(1) a. Lucyi came in. *Herselfi saw the dog.
     b. Lucyi came in. Shei saw the dog.
     c. Lucyi came in. Lucyi saw the dog.
  • DP in object position of a root clause

The examples in (2) test for coreference:

 (2) a. Lucyi admires herselfi. 
     b. *Lucyi admires heri.
     c. *Lucyi admires Lucyi.

The example in (3) tests for non-coreference:

 (3) a. *Lucyi admires herselfj. 
     b. Lucyi admires herj.
     c. Lucyi admires Lucyj. (in a context where there are two different Lucy's)

Sometimes the tests for coreference and non-coreference are collapsed, by marking the target DP with multiple indices, as in (4). Note that when multiple indices are used, then the grammaticality of the sentence is indicated by placing an asterisk on the index (rather than placing an asterisk at the beginning of the sentence. (In all the following examples, we adopt the convention of using multiple indices.)

 (4) a. Lucyi admires herselfi/*j. 
     b. Lucyi admires her*i/j.
     c. Lucyi admires Lucy*i/j.

Testing the non-local domain

  • DP in subject position of an embedded clause
(5a) Lucyi said that herself*i/*j saw the dog.
(5b) Lucyi said that shei/j saw the dog.
(5c) Lucyi said that Lucy*i/j saw the dog.
  • DP in object position of an embedded clause
(6a) Lucyi said that Suzyj admires herself*i/j.
(6b) Lucyi said that Suzyj admires heri/*j.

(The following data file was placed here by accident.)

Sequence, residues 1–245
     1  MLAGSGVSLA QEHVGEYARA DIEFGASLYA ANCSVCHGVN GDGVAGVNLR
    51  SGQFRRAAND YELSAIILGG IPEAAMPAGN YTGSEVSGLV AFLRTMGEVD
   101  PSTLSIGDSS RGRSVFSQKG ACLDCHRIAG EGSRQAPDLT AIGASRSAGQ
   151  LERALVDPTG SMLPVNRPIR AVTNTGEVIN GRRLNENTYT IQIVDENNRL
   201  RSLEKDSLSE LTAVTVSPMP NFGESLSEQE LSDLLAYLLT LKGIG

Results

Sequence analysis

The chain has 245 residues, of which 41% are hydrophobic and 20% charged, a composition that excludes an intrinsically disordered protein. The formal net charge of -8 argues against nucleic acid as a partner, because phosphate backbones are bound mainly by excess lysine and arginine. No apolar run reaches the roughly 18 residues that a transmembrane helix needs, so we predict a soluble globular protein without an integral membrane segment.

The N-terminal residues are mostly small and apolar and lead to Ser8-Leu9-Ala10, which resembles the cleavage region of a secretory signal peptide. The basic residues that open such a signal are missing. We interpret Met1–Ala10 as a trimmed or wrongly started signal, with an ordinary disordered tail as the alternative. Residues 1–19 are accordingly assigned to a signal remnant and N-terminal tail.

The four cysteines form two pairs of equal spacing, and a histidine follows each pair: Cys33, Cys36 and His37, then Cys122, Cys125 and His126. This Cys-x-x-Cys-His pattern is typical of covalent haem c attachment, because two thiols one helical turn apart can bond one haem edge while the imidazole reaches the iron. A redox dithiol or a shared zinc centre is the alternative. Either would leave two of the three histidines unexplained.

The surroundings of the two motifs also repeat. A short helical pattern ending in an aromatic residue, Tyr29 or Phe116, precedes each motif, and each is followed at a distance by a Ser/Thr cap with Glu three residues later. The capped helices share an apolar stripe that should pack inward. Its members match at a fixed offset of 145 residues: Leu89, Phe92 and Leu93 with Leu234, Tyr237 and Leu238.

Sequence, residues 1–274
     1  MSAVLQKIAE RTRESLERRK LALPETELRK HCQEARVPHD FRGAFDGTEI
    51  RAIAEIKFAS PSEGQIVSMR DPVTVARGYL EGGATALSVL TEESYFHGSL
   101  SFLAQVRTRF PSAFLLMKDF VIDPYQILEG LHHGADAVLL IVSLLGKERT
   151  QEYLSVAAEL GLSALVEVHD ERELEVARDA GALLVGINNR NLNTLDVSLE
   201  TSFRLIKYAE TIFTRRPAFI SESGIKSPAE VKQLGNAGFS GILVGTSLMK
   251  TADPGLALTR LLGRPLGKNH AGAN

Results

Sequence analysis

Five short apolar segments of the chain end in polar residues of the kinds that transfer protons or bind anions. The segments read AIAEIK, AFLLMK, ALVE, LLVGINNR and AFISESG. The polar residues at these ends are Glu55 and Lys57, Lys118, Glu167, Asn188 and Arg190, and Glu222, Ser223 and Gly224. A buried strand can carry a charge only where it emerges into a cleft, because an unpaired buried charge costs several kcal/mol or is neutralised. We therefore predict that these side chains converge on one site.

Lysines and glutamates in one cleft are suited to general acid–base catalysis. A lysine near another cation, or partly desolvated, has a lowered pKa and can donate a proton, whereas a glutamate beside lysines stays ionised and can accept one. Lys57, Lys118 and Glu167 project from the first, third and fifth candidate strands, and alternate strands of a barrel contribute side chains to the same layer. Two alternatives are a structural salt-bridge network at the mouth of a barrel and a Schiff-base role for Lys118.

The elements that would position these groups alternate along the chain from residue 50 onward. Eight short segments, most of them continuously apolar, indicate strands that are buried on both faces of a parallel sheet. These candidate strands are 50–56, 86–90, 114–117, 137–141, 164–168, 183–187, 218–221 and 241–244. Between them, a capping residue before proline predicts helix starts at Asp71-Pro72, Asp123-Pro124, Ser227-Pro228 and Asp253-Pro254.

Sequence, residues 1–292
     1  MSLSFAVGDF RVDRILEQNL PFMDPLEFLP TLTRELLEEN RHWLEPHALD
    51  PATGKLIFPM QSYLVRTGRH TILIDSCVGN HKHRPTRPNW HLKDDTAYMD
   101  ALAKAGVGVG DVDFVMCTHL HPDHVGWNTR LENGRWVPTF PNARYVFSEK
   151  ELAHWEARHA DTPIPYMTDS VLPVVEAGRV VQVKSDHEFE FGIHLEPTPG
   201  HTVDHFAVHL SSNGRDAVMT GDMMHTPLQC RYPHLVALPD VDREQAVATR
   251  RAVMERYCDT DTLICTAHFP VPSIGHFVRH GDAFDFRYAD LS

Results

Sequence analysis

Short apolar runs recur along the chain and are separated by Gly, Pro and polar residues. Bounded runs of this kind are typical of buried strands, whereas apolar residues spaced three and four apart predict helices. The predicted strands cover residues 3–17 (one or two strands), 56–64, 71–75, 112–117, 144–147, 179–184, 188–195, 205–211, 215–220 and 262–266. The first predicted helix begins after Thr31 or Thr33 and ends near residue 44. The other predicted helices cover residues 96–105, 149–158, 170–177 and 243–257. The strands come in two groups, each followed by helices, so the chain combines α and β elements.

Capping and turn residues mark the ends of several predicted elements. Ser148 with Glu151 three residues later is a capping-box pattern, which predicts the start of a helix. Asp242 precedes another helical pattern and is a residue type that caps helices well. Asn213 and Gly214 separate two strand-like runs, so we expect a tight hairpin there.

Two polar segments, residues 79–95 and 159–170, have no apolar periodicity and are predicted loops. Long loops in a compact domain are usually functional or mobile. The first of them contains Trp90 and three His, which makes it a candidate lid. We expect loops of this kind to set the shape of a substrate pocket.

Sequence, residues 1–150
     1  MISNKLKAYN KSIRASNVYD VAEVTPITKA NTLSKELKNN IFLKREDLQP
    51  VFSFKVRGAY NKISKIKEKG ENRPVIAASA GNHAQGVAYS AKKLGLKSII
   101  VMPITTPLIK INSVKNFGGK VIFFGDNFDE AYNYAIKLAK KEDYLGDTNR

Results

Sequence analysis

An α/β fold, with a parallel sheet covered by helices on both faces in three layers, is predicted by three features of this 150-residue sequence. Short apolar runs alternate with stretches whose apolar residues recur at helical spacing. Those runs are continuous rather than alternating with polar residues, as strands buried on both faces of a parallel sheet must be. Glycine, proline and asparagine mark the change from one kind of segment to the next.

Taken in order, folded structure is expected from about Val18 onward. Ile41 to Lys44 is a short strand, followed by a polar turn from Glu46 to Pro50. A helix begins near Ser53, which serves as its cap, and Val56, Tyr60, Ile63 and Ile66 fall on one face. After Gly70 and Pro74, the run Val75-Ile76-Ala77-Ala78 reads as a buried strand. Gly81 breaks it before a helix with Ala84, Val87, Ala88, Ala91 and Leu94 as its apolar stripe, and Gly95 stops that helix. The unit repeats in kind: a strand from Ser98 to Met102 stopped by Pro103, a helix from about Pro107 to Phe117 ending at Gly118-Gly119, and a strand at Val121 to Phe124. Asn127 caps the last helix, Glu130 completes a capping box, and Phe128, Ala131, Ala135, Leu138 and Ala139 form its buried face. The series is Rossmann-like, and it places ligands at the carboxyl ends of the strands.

(6c) Lucyi said that Suzyj admires Lucyi*/*j.

What applying the binding tests reveal

While reflexives must be locally bound (2a, 3a, 4a), pronouns must be locally free (2b, 3b, 4b). And while reflexives cannot be non-locally bound (1a, 5a, 6a), pronouns can be non-locally bound (5b, 6b) as well as discourse bound (1b). As for R-expressions they must not be bound at all; in other words, they can't be locally bound (2c, 3c, 4c), nor can they be non-locally bound (5c, 6c). However, they can be discourse-bound (1c).

  • reflexives must be locally bound
  • pronouns must be locally free (i.e. they can't be locally bound, but they can be non-locally bound as well as discourse-bound)
  • R-expressions must not be locally bound (i.e. they can't be locally or non-locally bound, but the can be discourse-bound)

What you should be able to do

On the basis of these tests, for each of the examples in (1) through (6), you should be able to draw the corresponding phrase structure trees and explain how the Binding Principles apply to each of them. (See chapter 7 of Sportiche, Koopman, and Stabler for discussion and exemplification.)

Dechaine (talk) 21:45, 31 August 2014 (PDT)

Primer on English pronouns